What I don’t get is that a lot of people thought this was a good movie. A lot of people who supposedly are fans of the genre, which means they’ve seen good fantasy/horror/haunted spirit movies, can’t tell the difference. Maybe the problem is that though there are a few standouts like The Ring, The Shining, and Poltergeist, the vast majority of these movies are pretty bad. So make yourself a fan of the genre and it all blends together. Just a theory.
For a much better haunted house movie, see Paranormal Activity (2007) if you haven’t already. Or even if you have – Paranormal Activity a second time through is better than Sinister the first. I looked back at my comments on Paranormal Activity — I had given it a 7/10. Thinking more about it now, I’d say it was more scary than a 7 — so I’m bumping it to an 8. Keep in mind I am talking about the original of the series; I have not seen any of the sequels.
On a positive note, I watched Sinister shortly before going to bed, and it certainly did not keep me from sleeping. It just wasn’t scary. 2/10, which is generous.
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This movie makes me rethink my opinion of Mama (2/10), because I didn’t dislike Sinister quite so much as to give it a 1 rating, and Mama was clearly better than Sinister. I think Mama has got to be at least a 3 — still not recommended, but better than I originally thought given the genre. It emphasizes how difficult it is to make good horror, especially of the supernatural variety. Almost as difficult as good comedy.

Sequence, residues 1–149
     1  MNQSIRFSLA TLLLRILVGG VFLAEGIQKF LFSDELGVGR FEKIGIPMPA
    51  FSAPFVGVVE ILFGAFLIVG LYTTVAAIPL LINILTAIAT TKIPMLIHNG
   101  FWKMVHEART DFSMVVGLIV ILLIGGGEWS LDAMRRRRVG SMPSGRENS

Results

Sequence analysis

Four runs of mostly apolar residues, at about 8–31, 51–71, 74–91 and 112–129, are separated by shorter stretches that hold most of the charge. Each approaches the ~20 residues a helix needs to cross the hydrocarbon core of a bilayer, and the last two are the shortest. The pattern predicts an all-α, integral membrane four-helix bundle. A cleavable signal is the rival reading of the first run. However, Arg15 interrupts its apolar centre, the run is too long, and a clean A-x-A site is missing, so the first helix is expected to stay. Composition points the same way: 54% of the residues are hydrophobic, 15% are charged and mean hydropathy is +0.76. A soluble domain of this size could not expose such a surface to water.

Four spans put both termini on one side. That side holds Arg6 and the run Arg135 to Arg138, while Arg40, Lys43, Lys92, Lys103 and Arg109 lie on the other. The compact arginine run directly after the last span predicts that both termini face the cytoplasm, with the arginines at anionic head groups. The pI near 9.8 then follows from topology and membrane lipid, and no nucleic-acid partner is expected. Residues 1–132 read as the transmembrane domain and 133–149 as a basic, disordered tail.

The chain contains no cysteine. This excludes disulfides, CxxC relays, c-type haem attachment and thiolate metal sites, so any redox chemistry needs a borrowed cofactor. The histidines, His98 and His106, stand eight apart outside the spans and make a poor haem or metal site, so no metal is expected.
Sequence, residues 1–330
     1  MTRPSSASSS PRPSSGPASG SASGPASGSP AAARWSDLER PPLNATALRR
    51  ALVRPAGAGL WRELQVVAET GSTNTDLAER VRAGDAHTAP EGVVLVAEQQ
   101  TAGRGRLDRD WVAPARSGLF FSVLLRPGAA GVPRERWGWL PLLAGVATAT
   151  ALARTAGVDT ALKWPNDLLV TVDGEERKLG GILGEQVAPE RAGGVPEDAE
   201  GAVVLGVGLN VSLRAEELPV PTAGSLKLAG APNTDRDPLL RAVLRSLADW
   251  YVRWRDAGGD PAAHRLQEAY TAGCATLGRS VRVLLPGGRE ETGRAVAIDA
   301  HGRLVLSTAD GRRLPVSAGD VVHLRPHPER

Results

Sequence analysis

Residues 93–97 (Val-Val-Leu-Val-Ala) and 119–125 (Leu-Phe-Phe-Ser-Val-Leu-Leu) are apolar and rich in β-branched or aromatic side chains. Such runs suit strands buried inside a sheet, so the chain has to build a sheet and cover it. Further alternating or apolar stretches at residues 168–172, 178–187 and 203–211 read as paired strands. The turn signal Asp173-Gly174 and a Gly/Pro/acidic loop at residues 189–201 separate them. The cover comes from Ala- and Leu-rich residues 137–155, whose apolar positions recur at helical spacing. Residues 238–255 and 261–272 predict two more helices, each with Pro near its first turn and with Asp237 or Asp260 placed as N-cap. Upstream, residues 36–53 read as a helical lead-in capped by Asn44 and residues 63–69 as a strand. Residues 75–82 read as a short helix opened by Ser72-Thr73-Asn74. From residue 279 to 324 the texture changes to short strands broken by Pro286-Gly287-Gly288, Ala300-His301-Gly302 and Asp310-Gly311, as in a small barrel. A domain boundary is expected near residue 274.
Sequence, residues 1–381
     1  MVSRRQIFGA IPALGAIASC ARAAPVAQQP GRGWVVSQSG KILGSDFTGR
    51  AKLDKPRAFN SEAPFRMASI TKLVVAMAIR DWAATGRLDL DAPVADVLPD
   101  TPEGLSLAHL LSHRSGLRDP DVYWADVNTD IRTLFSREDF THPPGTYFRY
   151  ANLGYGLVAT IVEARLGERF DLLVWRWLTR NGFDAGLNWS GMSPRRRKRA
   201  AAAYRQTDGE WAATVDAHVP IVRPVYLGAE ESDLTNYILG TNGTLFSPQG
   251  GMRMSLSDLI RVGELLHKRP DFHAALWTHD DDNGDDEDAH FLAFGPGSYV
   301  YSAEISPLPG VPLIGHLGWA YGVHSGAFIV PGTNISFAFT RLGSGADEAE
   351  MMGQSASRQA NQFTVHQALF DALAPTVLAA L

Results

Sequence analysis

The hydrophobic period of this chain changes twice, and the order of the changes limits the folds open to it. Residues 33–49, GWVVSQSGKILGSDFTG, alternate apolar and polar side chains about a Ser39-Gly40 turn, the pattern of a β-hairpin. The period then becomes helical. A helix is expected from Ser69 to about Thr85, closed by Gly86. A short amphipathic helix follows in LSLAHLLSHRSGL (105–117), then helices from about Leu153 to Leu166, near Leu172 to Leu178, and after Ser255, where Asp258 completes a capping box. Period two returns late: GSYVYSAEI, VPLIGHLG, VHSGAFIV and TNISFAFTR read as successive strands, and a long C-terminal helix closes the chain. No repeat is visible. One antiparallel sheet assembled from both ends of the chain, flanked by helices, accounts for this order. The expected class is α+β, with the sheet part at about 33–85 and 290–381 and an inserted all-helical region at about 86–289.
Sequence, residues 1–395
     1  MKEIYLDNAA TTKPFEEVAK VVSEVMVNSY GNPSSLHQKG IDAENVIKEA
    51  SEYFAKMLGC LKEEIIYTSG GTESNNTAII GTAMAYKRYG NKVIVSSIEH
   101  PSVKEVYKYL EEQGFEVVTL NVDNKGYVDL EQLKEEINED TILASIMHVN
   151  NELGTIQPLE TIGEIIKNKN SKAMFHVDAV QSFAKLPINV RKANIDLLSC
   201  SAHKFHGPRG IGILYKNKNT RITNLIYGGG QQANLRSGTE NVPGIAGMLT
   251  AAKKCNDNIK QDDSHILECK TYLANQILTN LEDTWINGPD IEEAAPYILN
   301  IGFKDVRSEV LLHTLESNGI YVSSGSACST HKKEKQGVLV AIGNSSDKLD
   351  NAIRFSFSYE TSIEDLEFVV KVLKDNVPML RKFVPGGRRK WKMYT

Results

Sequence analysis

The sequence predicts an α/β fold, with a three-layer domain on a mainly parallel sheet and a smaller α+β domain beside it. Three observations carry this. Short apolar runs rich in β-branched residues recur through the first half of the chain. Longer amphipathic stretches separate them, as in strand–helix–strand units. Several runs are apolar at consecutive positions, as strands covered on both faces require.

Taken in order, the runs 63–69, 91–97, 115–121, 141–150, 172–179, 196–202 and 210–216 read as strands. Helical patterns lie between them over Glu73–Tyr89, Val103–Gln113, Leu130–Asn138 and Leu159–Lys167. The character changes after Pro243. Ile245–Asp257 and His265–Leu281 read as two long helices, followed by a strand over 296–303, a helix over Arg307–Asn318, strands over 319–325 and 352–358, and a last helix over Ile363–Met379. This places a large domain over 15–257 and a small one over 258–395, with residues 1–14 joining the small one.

There is a cabin in the woods, but Mama is no Cabin in the Woods — one of the best pictures of last year (see prior post & Best of 2012 list). Mama instead is more along the lines of The Grudge — a couple startling “boo!” moments, but otherwise flat. An asset I suppose is it does bring to mind the mystery and wonder of The Ring[prior post]. It’s too bad, because it’s a good premise, in concept anyway, gone to waste: two young sisters left to fend for themselves in the wilderness for five years, then the feral beings reintroduced to society. Decent performances including the star Jessica Chastain, but it’s not worth it. 2/10.
The first two movies of 2013 have been baaad. Hopefully the third one breaks the trend.
On my posting on The Craft, I gave it an 8/10 but said I was on the border of a 9 rating. Well, it was on again tonight and after about 90 seconds of it, it hit me what a great movie this is. Definitely a 9/10.
The last post focused on some excellent personal thrillers that stay in the ‘real world’. Now for some movies that cross over into the super-natural.
First, a reminder of previous posts that highlighted films in this category, most notably The Ring. And a comment on these type of movies: The Ring is probably the best, scariest haunted spirit movie I have ever seen. This is a genre I’m not necessarily a fan of. I have seen so many previews where — at the end of the trailer — someone stares into a void and then, suddenly, out comes some sort of screaming banshee – a big ‘BOO’ moment. Those ‘BOO’ moments can get tiresome, if for example it’s The Grudge and that’s all the movie can muster.
Screeching humanoid forms suddenly twisting and screaming out of the darkness: One of the most scary things can be someone walking through a house where a tension exists — the tension of some evil bad guy about to pop out and catch the protagonist by surprise, no matter how prepared he may be. This has got to be about the most Continue reading →